We stood in the blazing sun during the speeches, our white shirts sticking to our skin. General Arnold said: “We will not again look upon a women’s flying organization as experimental. We will know that they can handle our fastest fighters . . . ; we will know that they are capable of flying anything put in front of them. This is valuable knowledge for the air age into which we are now entering . . . We of the Army Air Forces are proud of you.”

  I couldn’t help it—standing in the blazing sun, shoulder to shoulder with other WASP like me, I started to cry. It wasn’t the gulping, sobbing kind of crying, but the tears rolling one by one down my face kind. I thought of where I’d been and where I was, and where I was going, which I didn’t actually know yet because we hadn’t got our assignments. We’d each be going to a military base somewhere, to do the work we’d been trained to do. The only place I knew I would never go—not even if they tried to send me there—was Tulsa.

  After General Arnold finished talking, we passed over the stage one by one, and Miss Cochran pinned our silver wings to our uniforms. And just like that, we weren’t trainees anymore. We were Women Airforce Service Pilots.

  Before the ceremony was over, we stood in front of Jackie Cochran and General Hap Arnold and Brigadier General Isaiah Davies and sang one last song. This wasn’t a marching song. It was a hymn to Avenger Field.

  In the land of crimson sunsets,

  skies are wide and blue,

  stands a school of many virtues,

  loved by old and new . . .

  Long before our duty’s ended,

  a mem’ry you shall be,

  in our hearts we pledge devotion,

  Avenger Field to thee!

  I’d been working on a song myself—not on paper, but in my head. It was a song about a girl who trades in her old yellow truck for an airplane and goes to a tiny little place in the middle of Texas, where the earth is brown and the sky is blue, and where there are other girls just like her, wanting to live out there, and she learns to fly. She buys a Mexican guitar and meets a boy who loves to fly like she does and then he dies doing what he loves, but she keeps on flying anyway.

  After we finished singing, we marched back down the field, away from Jackie Cochran, away from the crowd. As I marched I looked at the faces of all the parents and children and sisters and brothers and husbands who were gathered i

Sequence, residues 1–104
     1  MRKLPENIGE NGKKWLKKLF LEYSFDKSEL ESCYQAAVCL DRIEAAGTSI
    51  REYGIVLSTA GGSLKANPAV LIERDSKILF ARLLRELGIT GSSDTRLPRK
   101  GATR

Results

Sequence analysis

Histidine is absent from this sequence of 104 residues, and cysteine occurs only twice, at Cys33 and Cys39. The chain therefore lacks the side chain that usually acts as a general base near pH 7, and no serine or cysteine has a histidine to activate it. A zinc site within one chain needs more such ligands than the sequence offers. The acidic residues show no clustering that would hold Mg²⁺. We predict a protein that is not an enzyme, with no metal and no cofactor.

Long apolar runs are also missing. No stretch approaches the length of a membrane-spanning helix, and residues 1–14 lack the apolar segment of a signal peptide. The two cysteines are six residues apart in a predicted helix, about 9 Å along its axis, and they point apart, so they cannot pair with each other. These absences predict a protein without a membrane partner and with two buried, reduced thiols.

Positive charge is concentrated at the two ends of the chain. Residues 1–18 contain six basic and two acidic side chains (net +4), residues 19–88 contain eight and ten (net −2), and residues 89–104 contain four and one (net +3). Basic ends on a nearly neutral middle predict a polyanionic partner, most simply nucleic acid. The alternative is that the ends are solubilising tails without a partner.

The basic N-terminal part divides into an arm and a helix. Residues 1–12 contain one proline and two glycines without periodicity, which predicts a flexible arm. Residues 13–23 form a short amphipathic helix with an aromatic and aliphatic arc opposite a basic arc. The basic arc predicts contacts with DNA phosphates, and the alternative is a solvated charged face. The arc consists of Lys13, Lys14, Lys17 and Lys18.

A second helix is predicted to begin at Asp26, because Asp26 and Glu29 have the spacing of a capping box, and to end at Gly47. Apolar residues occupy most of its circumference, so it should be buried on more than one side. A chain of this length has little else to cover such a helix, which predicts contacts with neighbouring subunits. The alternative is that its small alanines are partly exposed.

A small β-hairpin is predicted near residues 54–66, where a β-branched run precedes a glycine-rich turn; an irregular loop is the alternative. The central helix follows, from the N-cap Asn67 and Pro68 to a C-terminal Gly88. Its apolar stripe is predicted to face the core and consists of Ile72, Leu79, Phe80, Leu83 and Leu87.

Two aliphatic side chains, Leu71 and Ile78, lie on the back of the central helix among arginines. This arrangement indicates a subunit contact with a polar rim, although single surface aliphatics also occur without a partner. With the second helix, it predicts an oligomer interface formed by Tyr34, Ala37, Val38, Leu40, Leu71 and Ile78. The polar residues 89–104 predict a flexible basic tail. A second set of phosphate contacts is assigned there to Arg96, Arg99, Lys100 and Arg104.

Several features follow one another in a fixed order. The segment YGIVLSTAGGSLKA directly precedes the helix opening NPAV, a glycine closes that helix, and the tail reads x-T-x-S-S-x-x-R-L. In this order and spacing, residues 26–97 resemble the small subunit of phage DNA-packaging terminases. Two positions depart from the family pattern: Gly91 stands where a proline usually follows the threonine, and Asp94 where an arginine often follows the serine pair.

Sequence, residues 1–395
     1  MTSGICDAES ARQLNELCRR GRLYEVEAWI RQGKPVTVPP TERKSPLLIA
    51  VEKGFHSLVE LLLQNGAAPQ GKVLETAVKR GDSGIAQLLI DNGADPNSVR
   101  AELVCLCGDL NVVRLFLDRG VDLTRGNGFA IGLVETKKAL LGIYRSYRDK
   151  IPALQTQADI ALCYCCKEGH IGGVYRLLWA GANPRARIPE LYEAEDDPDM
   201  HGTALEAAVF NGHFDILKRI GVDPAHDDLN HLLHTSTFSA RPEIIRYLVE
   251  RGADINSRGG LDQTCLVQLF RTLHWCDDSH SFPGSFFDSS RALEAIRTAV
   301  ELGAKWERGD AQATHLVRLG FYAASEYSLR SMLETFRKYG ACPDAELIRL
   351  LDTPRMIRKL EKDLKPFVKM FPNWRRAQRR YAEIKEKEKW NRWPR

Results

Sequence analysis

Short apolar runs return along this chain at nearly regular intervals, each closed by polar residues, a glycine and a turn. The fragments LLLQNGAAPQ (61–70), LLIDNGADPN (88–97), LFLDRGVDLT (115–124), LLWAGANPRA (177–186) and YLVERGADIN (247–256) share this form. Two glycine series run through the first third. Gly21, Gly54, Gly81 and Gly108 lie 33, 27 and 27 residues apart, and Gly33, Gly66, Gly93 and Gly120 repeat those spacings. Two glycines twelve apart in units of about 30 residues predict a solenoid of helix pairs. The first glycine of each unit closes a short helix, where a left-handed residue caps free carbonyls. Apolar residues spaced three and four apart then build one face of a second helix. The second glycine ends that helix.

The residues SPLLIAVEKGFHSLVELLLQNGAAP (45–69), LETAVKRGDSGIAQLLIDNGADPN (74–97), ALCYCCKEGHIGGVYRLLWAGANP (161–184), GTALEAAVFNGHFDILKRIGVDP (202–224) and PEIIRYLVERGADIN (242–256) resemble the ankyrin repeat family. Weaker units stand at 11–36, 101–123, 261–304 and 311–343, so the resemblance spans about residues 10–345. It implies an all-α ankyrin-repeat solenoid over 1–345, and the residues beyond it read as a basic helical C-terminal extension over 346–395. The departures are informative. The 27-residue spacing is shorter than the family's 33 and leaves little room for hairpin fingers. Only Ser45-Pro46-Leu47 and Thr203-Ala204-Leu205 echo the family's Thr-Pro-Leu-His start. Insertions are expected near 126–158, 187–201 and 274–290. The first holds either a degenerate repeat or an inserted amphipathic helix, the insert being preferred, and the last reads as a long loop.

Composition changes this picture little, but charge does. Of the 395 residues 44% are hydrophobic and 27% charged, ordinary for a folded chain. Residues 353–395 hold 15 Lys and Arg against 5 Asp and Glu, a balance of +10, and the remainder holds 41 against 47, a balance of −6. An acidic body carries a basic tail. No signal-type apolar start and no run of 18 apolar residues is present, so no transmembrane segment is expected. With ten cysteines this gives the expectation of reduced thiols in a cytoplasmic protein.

n the stands and on the ground to watch us. The sun was behind them, so that they were just a sea of dark figures, outlined in shadow, the colors of their shirts or dresses breaking through here and there. At the very back, standing behind the very last row, was a man in a cowboy hat. He was wiry, with long legs and long arms, but I couldn’t see his face. There was something about the way he moved, even though he wasn’t moving. Even standing still he seemed to be in motion, with legs that looked like they were dancing.

  When I broke free from the marching line, I circled back around to look for him. “Where are you going, Hartsie?” Sally hollered.

  I didn’t answer her because I started running. My heart was in a clinch. Even as I ran, I told myself: Stop running, Velva Jean. What are you running for? Just because you saw some old Texas cowboy who’s probably somebody’s husband or father or maybe just some farmer from Sweetwater.

  The crowd was breaking up now, everyone chattering and talking, shading their eyes from the sun, fanning themselves with their paper programs. I wove through it all, trying not to crash into anyone, dodging elbows and waving arms, and people who weren’t looking where they were going. I went up into the stands and back down to the ground.

  I called out, “Daddy? . . . Lincoln Hart? . . . Daddy?”

  But the man in the cowboy hat was gone.

  The day after graduation, Sally and I were called to Jackie Cochran’s office. She said, “I’m sending you to Camp Davis, North Carolina. This is a secret mission, and the reason I’ve chosen the two of you is that you’re my most skilled pilots.”

  At the words “secret mission” I felt my skin prickle. Just like Constance Kurridge. Just like Flyin’ Jenny.

  “You’ll be flying almost everything—all big ships, like the B-34, the P-37, and maybe even the B-17.” The B-17 Flying Fortress was thought to be the most powerful weapon in the war. The people who flew it said it was so powerful that it could unleash great destruction and even defend itself all on its own without a man steering it. She said, “I can’t tell you anything more, but this is an important experiment you’re taking part in. I hope this assignment will serve as a stepping-stone to bigger responsibilities, perhaps even overseas. What you do at Camp Davis will affect not only the WASP program but the future standing of women pilots.”

  It didn’t matter that Fair Mountain was four hundred miles away from Camp Davis. I was going home again, maybe not right up to Fair Mountain but to North Carolina, with its streams and waterfalls and tall, tall trees and green and mountains that curved and sloped—that were big but welcoming and not all sharp edges and rock.

  Jackie Cochran said, “I won’t lie to you, girls—Camp Davis has its challenges. But I want you to remember that nothing can be more important to the future of the women pilots program than what you’ll be doing. As you know, we’re still civilians. We aren’t military. This is our chance to prove that women can handle anything they throw at us. It all depends on your success. I expect you to do your best.”

  The next morning Sally and I packed our things while Mudge and Paula watched. When we were done, we all sat on our cots, facing each other, knees tucked up under our chins, and talked. Mudge was going back to Hollywood to fly stunt planes for Metro-Goldwyn-Mayer, and Paula was being sent to Aloe Army Airfield in Victoria, Texas. When she found out Sally and me were going on a secret mission for Jackie Cochran, she said three of the most colorful swear words I’d ever heard and then added seventy-five cents to the cuss pot.

  I told Paula, “I’ll never forget what you did for me, going with me to Mexico.”